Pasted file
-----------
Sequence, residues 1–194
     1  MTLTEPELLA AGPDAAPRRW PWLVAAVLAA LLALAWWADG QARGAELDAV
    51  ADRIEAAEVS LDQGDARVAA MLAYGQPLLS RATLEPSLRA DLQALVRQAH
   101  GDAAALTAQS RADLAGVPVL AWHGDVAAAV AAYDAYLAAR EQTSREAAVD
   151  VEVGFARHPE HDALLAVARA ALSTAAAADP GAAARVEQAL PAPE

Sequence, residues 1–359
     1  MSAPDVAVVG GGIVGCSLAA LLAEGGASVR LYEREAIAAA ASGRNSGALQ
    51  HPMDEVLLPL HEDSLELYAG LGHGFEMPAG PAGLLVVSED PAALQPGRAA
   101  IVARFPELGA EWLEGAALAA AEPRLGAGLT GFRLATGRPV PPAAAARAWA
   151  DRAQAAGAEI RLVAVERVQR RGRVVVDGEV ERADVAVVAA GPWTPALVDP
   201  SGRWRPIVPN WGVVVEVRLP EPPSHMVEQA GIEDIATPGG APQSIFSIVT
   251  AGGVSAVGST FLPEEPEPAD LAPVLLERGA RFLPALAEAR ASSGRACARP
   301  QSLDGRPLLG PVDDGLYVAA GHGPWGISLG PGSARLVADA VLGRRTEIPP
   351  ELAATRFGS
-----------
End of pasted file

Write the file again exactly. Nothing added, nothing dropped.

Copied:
Sequence, residues 1–194
     1  MTLTEPELLA AGPDAAPRRW PWLVAAVLAA LLALAWWADG QARGAELDAV
    51  ADRIEAAEVS LDQGDARVAA MLAYGQPLLS RATLEPSLRA DLQALVRQAH
   101  GDAAALTAQS RADLAGVPVL AWHGDVAAAV AAYDAYLAAR EQTSREAAVD
   151  VEVGFARHPE HDALLAVARA ALSTAAAADP GAAARVEQAL PAPE

Sequence, residues 1–359
     1  MSAPDVAVVG GGIVGCSLAA LLAEGGASVR LYEREAIAAA ASGRNSGALQ
    51  HPMDEVLLPL HEDSLELYAG LGHGFEMPAG PAGLLVVSED PAALQPGRAA
   101  IVARFPELGA EWLEGAALAA AEPRLGAGLT GFRLATGRPV PPAAAARAWA
   151  DRAQAAGAEI RLVAVERVQR RGRVVVDGEV ERADVAVVAA GPWTPALVDP
   201  SGRWRPIVPN WGVVVEVRLP EPPSHMVEQA GIEDIATPGG APQSIFSIVT
   251  AGGVSAVGST FLPEEPEPAD LAPVLLERGA RFLPALAEAR ASSGRACARP
   301  QSLDGRPLLG PVDDGLYVAA GHGPWGISLG PGSARLVADA VLGRRTEIPP
   351  ELAATRFGS